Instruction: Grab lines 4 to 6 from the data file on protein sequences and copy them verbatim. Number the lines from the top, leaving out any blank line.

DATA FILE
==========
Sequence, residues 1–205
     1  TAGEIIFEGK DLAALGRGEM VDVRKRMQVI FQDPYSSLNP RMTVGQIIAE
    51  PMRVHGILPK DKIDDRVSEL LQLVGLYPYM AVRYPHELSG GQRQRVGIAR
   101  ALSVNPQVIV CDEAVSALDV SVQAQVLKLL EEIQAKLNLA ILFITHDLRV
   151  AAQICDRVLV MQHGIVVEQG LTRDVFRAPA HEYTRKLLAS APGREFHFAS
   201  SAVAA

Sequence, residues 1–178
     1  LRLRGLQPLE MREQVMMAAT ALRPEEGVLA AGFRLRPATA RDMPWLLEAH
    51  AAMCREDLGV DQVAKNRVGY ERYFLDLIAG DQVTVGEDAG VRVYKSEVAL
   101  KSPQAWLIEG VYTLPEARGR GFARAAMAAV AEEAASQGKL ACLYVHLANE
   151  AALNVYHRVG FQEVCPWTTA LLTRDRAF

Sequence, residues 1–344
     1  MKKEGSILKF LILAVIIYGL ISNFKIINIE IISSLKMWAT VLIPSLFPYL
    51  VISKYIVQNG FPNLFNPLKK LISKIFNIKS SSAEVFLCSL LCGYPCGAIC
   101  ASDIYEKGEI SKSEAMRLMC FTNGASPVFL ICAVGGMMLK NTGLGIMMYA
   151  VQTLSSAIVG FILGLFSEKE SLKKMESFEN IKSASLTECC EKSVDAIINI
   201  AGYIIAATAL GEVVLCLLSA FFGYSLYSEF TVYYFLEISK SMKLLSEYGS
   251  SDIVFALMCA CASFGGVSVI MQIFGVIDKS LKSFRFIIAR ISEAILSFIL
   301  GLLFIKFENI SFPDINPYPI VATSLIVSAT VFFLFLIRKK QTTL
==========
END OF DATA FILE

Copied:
   101  ALSVNPQVIV CDEAVSALDV SVQAQVLKLL EEIQAKLNLA ILFITHDLRV
   151  AAQICDRVLV MQHGIVVEQG LTRDVFRAPA HEYTRKLLAS APGREFHFAS
   201  SAVAA